By W.B Yeats
Have thought to ignorant men most violent ways,
Or hurled the title streets upon the great,
Had they but courage equal to desire?
Reference:- The lines have been take from the poem “No Second Troy” written by W.B Yeats in 1916. This poem is undoubtedly about Maud Gonne, and her sudden decision to marry MacBride.
Context:- “No Second Troy” is a twelve line poem which is dedicated to Maud Gonne by Yeats. The poem is about Maud Gonne, who refuses Yeats proposals many times, and married to MacBride in 1903. Yeats wrote this poem to show his distress because of her unsuccessful marriage, which was just last for two year.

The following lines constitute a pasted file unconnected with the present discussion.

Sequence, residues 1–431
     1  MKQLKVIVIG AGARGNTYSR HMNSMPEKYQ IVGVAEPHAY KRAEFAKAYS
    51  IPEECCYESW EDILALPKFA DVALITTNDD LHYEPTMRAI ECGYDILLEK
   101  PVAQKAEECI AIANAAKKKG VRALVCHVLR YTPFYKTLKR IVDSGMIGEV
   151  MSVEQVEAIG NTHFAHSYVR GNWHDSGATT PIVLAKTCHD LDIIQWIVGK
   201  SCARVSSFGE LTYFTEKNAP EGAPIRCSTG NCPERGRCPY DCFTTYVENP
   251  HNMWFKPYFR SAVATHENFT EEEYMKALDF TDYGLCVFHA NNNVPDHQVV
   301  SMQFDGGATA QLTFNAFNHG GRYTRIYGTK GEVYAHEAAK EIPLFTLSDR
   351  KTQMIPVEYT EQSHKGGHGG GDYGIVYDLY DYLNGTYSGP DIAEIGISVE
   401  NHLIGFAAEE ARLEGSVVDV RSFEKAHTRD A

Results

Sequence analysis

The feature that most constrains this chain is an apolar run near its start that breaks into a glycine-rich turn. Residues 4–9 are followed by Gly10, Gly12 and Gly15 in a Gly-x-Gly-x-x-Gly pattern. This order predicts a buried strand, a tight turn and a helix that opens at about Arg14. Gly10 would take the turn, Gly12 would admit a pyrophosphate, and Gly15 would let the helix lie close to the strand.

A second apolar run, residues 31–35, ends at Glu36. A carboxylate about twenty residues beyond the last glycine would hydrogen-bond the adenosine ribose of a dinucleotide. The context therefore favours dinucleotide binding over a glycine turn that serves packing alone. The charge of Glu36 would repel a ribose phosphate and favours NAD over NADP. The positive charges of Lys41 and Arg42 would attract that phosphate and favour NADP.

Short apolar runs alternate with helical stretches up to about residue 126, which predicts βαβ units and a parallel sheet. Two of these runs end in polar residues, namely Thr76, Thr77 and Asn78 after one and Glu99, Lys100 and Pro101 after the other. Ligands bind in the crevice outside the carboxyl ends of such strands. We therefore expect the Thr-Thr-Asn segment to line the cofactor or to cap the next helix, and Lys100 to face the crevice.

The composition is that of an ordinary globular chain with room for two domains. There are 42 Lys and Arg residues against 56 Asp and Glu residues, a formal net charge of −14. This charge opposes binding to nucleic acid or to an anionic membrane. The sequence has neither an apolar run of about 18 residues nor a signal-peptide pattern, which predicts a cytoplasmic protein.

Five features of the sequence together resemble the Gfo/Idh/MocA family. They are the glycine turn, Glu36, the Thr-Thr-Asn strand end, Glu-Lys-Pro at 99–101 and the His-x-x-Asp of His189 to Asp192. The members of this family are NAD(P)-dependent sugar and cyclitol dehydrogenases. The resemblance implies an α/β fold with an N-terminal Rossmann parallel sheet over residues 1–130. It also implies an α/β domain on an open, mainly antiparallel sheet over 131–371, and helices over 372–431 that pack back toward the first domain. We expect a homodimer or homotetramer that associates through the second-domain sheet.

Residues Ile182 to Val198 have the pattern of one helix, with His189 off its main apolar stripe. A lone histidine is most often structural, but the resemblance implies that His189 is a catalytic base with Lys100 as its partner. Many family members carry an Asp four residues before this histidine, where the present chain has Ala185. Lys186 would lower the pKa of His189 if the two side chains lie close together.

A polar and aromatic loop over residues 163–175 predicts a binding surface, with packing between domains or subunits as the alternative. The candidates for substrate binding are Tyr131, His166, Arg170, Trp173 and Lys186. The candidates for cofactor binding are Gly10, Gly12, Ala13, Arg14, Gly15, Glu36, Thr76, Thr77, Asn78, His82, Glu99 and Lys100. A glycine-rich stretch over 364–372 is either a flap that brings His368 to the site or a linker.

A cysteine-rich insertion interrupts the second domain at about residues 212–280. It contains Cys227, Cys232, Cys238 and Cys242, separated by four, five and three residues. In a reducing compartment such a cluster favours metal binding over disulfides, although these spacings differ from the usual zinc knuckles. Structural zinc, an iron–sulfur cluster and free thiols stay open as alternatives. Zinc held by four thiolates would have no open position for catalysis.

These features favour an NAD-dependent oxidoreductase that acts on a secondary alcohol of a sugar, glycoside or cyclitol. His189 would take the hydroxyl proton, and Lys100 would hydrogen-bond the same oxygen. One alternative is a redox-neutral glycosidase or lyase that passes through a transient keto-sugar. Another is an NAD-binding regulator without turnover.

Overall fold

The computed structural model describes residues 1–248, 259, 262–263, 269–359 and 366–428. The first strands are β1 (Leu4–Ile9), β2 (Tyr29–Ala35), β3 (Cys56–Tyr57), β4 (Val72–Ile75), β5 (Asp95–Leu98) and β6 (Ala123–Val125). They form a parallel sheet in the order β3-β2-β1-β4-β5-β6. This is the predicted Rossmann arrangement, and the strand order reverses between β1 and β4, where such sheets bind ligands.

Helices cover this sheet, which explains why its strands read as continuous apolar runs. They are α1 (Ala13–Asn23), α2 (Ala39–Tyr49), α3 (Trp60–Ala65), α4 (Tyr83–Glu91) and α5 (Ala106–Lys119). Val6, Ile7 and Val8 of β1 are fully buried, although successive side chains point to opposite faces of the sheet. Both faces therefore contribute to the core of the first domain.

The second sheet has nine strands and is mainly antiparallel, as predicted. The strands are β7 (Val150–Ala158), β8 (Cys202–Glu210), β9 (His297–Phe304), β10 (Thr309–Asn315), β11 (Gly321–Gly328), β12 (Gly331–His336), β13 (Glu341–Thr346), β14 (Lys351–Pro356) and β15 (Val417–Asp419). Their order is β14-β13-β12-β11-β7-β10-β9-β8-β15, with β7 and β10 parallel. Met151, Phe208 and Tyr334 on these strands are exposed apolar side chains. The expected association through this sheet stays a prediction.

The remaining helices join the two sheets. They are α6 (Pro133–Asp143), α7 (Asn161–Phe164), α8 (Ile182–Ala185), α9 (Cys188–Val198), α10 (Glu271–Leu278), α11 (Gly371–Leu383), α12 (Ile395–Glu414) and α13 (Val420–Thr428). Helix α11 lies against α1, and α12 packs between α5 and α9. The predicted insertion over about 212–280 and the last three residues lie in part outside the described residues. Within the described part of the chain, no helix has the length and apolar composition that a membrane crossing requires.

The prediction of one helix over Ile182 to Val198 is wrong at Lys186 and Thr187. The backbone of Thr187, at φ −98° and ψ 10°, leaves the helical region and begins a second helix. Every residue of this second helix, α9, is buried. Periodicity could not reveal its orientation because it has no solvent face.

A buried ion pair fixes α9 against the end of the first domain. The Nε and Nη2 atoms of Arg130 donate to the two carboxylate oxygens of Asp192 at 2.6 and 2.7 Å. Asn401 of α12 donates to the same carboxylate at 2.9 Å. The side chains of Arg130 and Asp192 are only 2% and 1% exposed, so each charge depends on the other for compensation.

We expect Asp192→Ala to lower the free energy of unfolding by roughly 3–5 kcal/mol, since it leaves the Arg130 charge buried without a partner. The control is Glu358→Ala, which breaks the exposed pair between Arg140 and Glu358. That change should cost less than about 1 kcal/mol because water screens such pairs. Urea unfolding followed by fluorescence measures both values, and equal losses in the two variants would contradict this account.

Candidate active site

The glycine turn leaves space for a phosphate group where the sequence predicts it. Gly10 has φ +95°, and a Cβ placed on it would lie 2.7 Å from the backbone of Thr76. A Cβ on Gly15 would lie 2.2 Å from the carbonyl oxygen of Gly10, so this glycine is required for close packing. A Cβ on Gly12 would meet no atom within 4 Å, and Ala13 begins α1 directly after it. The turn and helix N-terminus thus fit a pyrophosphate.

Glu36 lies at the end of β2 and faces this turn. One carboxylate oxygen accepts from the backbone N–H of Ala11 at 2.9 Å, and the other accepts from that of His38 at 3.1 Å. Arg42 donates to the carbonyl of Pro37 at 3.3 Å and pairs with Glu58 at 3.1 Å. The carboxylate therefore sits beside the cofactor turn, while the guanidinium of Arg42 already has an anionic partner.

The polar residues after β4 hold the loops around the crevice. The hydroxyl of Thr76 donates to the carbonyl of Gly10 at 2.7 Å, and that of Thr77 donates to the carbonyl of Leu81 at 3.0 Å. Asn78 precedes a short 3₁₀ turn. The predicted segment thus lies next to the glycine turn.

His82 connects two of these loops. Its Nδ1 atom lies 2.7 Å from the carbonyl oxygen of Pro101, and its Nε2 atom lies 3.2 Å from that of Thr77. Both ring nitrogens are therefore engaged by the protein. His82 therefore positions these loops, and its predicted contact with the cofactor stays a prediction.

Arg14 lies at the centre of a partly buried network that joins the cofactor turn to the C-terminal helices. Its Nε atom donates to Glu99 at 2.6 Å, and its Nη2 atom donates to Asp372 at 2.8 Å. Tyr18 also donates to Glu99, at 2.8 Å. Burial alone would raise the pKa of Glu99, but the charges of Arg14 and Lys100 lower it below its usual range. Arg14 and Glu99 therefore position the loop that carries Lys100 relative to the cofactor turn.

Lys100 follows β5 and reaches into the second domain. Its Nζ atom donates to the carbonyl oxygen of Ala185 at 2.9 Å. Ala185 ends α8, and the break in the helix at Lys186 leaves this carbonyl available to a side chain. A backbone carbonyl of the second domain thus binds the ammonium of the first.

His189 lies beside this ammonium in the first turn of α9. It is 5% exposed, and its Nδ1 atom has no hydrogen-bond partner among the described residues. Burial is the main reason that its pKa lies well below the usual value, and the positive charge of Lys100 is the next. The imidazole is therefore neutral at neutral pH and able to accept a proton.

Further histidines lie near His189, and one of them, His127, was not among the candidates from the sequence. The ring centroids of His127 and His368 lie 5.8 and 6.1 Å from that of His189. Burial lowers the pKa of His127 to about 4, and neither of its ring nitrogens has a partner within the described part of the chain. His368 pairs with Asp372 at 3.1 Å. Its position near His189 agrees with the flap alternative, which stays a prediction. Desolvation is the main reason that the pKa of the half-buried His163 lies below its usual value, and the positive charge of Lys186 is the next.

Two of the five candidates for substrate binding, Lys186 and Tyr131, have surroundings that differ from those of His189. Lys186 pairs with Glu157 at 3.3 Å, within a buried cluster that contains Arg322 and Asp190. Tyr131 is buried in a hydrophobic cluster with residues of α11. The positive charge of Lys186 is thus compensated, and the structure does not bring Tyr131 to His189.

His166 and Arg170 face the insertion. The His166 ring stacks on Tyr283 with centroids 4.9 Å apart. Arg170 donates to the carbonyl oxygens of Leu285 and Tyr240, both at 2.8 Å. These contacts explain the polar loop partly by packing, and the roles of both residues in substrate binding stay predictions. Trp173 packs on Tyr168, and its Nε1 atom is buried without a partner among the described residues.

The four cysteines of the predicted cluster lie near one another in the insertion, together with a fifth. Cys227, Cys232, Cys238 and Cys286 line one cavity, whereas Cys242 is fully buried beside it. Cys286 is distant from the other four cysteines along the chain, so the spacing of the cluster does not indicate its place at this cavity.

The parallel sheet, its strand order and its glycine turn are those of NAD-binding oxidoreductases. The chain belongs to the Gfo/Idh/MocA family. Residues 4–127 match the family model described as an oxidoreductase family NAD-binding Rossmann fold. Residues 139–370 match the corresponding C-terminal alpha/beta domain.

Explanation:- The poem has a typical lyric in that it expresses the poet’s personal feelings about his love and it remains focused on a single issue. The poet suggests through his questions that he should not blame his love for filling his life with misery because he is unable to find a proper outlet for her talents in the Ireland of her day.
Critical Comment:- In the “No Second Troy”, the poet describes by saying that, he believed Maud Gonne would lead a revolution by leading Ireland (Ireland) against the great nations (Britain). Maud was widely known for her revolutionary activities in Ireland. She campaigned for the nationalism in Ireland and held special functions for children. She wanted to preserve the Irish culture, in spite of British colonization. Many could talk big game, but few of them had the courage to back it up. Maud also wanted to instill a fighting spirit in her fellow Irishman.